The D.A. dismissing the Home Invasion and Domestic Violence charges, in my opinion, is counter-productive to protecting the people of Lincoln County since you can obviously invade someone’s home and inflict bodily harm and get away with it. I am not sure the suspect’s wife or any other person who has ever suffered from domestic abuse would agree with the D.A. dismissing that charge, as it gives the perception that a person can commit an act of domestic violence without fear of retribution – or is that a selective application of the law on the part of our Ranking Law Enforcement Officer, the D.A.

When I asked D.A. Katschke why the suspect was not required to plead to Battery as charged, he told me he did not feel he could win the case due to conflicting witness statements (see above); he stated he does not have a good track record with those cases.

The first suspect was released on an O.R. on the 2nd of April and arrested in Utah on the 8th in violation of his O.R. agreement and was back walking the streets of Pioche the next day. My entire family is comforted by the thought he is out among us with apparent carte blanche to do as he wishes.

The second published article also states the third suspect “is presently on the run.” As a matter of fact, the S/O knew he was back in Pioche shortly after his return and not “on the run” on April 2 when the plea agreement was executed by the parties.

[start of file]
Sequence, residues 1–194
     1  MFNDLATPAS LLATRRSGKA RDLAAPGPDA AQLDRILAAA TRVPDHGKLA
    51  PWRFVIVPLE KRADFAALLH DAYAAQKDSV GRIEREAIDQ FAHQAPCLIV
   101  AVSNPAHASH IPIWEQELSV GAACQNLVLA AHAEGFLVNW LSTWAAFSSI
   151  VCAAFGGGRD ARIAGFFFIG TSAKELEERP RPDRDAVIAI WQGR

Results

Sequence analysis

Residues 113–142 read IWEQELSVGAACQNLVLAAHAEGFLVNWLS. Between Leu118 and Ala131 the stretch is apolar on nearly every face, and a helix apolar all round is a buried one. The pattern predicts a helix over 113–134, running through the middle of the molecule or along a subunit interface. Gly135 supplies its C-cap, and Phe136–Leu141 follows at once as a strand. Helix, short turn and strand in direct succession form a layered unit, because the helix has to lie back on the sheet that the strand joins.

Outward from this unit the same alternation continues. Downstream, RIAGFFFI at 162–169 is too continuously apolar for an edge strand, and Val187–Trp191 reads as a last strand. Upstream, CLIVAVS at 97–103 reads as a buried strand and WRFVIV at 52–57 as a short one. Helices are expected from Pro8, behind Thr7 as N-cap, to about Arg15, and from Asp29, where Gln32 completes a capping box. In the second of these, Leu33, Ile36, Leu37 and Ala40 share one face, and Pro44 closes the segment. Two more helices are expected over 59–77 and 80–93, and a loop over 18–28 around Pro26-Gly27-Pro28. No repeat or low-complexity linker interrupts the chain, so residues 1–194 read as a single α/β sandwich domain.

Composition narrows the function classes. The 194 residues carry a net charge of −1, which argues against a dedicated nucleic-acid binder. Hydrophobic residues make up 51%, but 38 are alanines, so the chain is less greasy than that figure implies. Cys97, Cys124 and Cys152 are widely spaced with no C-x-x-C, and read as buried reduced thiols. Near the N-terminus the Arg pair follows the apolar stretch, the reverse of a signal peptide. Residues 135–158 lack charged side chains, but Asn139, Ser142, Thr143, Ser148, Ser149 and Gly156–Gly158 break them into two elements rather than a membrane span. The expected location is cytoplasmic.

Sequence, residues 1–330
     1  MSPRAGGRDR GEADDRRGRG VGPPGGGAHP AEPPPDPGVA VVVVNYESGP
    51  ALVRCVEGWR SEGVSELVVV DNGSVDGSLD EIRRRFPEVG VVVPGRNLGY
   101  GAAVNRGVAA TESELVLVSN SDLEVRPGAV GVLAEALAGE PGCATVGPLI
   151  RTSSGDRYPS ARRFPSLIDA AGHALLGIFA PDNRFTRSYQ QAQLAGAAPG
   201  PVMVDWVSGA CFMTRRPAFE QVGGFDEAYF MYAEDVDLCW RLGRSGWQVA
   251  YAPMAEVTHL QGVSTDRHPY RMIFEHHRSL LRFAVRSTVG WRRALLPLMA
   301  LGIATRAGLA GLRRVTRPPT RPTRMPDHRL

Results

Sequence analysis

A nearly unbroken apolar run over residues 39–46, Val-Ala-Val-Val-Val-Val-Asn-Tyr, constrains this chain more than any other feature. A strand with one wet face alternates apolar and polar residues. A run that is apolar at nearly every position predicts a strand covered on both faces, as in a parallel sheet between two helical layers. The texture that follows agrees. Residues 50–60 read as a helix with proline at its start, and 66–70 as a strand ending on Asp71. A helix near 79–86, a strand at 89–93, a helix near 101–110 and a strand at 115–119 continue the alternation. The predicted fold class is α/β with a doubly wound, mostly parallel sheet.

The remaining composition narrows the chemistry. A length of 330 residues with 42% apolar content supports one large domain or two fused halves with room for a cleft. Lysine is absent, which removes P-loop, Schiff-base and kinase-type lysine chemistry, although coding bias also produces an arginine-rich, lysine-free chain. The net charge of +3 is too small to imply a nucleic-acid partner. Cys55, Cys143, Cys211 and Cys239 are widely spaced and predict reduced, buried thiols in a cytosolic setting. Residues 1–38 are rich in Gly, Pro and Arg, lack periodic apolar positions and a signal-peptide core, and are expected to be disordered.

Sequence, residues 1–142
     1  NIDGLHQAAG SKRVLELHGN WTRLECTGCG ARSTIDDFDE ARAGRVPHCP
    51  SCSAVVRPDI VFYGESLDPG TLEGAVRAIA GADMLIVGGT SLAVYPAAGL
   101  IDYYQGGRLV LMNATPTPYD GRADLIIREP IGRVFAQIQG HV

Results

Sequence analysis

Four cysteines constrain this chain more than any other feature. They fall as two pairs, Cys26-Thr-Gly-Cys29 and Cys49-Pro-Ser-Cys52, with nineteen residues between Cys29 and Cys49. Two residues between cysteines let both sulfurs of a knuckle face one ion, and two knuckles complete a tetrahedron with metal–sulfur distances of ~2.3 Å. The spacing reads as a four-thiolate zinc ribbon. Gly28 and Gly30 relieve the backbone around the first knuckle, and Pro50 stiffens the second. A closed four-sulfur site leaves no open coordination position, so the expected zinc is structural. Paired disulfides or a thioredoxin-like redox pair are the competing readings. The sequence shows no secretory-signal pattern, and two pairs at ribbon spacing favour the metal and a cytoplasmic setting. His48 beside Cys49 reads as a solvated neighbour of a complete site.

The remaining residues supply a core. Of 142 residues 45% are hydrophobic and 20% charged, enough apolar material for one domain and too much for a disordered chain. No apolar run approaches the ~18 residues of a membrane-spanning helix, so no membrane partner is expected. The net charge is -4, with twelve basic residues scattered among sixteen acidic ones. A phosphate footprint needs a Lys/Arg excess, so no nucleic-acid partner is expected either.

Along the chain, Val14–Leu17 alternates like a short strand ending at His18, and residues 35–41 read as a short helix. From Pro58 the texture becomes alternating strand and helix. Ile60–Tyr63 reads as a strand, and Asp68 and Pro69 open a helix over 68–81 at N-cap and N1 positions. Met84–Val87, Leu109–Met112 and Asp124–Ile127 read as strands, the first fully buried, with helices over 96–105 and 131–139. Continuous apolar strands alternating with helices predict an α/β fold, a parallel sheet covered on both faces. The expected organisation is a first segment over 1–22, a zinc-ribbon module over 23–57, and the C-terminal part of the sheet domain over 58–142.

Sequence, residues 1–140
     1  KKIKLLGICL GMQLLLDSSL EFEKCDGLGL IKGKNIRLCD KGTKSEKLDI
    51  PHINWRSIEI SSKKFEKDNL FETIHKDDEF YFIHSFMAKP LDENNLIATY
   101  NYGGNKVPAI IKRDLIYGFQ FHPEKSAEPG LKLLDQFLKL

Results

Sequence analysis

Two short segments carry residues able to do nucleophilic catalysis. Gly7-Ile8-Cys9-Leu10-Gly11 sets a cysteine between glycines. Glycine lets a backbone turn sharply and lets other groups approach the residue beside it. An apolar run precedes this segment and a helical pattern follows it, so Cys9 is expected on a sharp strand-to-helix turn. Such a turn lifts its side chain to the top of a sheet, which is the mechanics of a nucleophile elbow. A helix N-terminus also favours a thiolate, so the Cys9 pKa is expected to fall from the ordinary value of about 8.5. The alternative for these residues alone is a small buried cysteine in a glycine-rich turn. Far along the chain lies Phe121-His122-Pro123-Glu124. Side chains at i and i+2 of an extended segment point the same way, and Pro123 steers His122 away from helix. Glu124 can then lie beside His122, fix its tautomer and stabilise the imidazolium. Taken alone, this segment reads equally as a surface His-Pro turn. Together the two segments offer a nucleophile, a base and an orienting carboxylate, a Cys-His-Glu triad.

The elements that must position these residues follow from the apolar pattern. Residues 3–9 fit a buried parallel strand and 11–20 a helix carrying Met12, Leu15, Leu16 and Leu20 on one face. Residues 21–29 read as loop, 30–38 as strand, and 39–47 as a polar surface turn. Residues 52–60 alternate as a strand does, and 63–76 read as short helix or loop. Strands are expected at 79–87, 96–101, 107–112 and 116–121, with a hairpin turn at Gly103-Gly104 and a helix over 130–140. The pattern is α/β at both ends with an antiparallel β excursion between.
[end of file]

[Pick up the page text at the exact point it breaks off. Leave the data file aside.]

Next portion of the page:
Some of us in Pioche have been having some related fun in connection with this paper’s original article regarding the home invasion, as two public employees saw fit to post comments on the Record’s web site wherein the PPU Office Manager questioned whether it would be wrong for him to put money on the suspects’ books as a reward for battering my grandson and the PPU Office Manager dared me (through these posts to my family) to report her to the board cause she can do what she wants in her off time. In fact, PPU Policy and the County’s Policies and Procedures prohibit these acts. When the Town Board refused to consider my request for disciplinary action, I consulted the D.A.’s Office and was told they could not implement discipline due to first amendment rights. SO, I GUESS ALL THE EMPLOYEES COVERED BY THE COUNTY’S POLICIES AND PROCEDURES are now allowed to engage in conduct unbecoming an employee and violate established policies without fear of retribution. In my opinion, this is a very dangerous precedent for the D.A.’s office to set.

Respectfully submitted,

Carol White